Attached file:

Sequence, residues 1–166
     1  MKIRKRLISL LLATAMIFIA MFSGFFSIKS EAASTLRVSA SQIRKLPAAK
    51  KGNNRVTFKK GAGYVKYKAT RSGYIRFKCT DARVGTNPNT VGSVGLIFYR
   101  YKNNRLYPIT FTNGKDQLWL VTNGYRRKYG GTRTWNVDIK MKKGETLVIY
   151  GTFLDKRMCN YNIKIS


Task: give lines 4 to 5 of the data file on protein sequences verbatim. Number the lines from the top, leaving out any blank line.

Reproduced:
   101  YKNNRLYPIT FTNGKDQLWL VTNGYRRKYG GTRTWNVDIK MKKGETLVIY
   151  GTFLDKRMCN YNIKIS